urmila gupta
what is the difference between IList and IEnumerable
Posted by urmila gupta in C# Language on Sep 13, 2012
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Posted by Narayan Pramar on Jan 05, 2013
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IEnumerable provides only minimal "iterable" functionality. You can traverse the sequence, but that's about it. This has disadvantages
-->> for example, it is very inefficient to count elements using IEnumerable, or to get the nth element -->> but it has advantages too -->> for example, an IEnumerable could be an endless sequence, like the sequence of primes.IList is an interface which abstracts list functionality (count, add, remove, indexer access) away from the various concrete classes such as List, BindingList, ObservableCollection, etc.

Posted by Narayan Pramar on Jan 05, 2013
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IEnumerable provides only minimal "iterable" functionality. You can traverse the sequence, but that's about it. This has disadvantages
-->> for example, it is very inefficient to count elements using IEnumerable, or to get the nth element -->> but it has advantages too -->> for example, an IEnumerable could be an endless sequence, like the sequence of primes.

IList is an interface which abstracts list functionality (count, add, remove, indexer access) away from the various concrete classes such as List, BindingList, ObservableCollection, etc.

Posted by Narayan Pramar on Jan 05, 2013
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IEnumerable provides only minimal "iterable" functionality. You can traverse the sequence, but that's about it. This has disadvantages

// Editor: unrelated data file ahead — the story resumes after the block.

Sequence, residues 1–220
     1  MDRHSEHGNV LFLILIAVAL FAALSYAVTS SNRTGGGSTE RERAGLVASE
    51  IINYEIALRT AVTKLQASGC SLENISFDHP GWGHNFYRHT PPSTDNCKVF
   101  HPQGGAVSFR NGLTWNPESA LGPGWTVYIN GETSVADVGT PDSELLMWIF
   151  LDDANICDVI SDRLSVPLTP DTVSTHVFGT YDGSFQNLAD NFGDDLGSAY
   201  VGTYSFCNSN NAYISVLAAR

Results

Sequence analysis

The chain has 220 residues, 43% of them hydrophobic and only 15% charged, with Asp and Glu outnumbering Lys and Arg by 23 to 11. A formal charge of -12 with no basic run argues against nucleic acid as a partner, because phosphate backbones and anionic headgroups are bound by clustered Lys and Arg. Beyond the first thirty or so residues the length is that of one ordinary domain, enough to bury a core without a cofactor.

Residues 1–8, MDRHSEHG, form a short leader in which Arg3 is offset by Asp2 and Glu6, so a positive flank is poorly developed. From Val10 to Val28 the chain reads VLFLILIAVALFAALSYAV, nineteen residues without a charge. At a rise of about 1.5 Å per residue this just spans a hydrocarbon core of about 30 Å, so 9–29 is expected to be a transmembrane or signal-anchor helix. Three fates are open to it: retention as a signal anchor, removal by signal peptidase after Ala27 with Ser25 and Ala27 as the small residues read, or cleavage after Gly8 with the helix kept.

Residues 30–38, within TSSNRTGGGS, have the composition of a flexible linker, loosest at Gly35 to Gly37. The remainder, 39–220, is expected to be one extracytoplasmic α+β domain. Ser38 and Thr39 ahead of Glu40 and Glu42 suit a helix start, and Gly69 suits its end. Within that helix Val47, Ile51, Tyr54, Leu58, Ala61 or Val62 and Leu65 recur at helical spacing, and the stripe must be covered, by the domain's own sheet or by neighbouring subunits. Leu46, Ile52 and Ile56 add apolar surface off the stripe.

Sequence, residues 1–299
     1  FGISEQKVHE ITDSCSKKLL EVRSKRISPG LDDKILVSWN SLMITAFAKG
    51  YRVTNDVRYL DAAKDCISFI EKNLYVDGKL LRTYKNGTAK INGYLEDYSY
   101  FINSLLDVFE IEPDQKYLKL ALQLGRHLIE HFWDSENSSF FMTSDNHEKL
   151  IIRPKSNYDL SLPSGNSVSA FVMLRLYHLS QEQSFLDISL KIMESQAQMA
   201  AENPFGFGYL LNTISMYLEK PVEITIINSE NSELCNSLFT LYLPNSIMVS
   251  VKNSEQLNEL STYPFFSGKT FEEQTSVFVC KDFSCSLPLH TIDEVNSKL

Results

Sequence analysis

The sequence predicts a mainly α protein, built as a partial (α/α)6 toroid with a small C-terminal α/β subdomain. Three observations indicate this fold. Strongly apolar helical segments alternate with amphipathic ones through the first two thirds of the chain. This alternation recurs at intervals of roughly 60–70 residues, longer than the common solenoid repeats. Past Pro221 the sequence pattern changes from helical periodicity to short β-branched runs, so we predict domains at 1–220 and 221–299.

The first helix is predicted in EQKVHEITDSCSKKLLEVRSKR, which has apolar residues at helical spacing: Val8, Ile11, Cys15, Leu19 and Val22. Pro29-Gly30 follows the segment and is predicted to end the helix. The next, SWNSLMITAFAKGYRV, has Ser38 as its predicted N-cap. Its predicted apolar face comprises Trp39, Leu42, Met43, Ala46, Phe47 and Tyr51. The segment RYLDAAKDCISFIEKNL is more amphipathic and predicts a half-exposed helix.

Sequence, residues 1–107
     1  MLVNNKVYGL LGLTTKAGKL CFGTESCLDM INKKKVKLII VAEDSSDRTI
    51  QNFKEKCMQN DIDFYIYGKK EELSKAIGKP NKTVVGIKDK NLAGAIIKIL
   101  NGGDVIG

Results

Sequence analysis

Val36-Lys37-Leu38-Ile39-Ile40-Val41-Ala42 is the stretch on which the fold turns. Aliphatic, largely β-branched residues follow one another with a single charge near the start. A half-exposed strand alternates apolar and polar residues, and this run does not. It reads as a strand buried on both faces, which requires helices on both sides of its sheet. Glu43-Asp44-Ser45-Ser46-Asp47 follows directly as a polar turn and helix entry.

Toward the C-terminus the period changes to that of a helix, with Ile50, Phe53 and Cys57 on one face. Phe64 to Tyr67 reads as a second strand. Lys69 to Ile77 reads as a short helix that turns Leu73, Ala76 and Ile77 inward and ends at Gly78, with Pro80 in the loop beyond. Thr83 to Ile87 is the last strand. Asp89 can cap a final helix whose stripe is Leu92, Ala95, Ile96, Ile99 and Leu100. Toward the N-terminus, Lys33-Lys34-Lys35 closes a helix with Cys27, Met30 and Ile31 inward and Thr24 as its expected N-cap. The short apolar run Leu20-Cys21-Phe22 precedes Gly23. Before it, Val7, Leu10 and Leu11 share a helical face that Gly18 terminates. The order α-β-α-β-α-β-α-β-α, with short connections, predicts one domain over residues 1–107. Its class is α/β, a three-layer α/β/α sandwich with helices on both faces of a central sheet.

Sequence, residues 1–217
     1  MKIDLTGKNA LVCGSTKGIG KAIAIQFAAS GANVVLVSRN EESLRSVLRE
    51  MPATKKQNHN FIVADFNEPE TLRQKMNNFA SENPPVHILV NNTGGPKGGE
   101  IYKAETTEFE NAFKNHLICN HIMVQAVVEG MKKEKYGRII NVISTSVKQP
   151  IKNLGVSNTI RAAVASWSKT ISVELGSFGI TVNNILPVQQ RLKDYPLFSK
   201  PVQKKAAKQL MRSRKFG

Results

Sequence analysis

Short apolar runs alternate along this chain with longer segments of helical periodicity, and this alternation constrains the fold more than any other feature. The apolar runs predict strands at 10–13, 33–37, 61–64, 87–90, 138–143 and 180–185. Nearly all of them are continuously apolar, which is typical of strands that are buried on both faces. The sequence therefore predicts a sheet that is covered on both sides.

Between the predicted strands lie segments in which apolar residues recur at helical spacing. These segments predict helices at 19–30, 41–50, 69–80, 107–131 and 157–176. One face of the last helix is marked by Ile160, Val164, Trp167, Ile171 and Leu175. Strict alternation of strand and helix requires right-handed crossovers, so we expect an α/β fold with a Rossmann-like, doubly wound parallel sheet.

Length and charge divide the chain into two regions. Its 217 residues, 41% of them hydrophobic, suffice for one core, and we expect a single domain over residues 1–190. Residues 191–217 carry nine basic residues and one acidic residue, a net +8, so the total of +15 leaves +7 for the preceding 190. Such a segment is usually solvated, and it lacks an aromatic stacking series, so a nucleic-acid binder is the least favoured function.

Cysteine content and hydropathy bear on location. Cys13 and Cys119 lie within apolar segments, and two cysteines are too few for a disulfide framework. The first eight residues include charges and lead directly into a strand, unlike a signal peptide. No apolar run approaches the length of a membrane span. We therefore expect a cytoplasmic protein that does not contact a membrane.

-->> for example, it is very inefficient to count elements using IEnumerable, or to get the nth element -->> but it has advantages too -->> for example, an IEnumerable could be an endless sequence, like the sequence of primes.

IList is an interface which abstracts list functionality (count, add, remove, indexer access) away from the various concrete classes such as List, BindingList, ObservableCollection, etc.

Posted by shaik azhar on Sep 20, 2012
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IEnumerable is an open set. If you research the "yield" statement you'll find that calling "ToList()" is only one way to populate an enumerable list. You can create enumerables on the fly and use the iterator state machine to continue to provide values.

IList, on the other hand, is a finite set. The key difference is that IList provides a count so you have knowledge beforehand how large the list is.

The purpose of enumerable is to take a very large set and enumerate over the set without actually having to load all of the values or elements in the set. The list on the other hands must account for all elements up front.

In your example both situations work pretty much the same because you are casing to a list and then either exposing the list directly, or exposing the enumerator to the list.

Posted by shaik azhar on Sep 20, 2012
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IEnumerable is an open set. If you research the "yield" statement you'll find that calling "ToList()" is only one way to populate an enumerable list. You can create enumerables on the fly and use the iterator state machine to continue to provide values.

IList, on the other hand, is a finite set. The key difference is that IList provides a count so you have knowledge beforehand how large the list is.

The purpose of enumerable is to take a very large set and enumerate over the set without actually having to load all of the values or elements in the set. The list on the other hands must account for all elements up front.

In your example both situations work pretty much the same because you are casing to a list and then either exposing the list directly, or exposing the enumerator to the list.

Posted by shaik azhar on Sep 20, 2012
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IEnumerable is an open set. If you research the "yield" statement you'll find that calling "ToList()" is only one way to populate an enumerable list. You can create enumerables on the fly and use the iterator state machine to continue to provide values.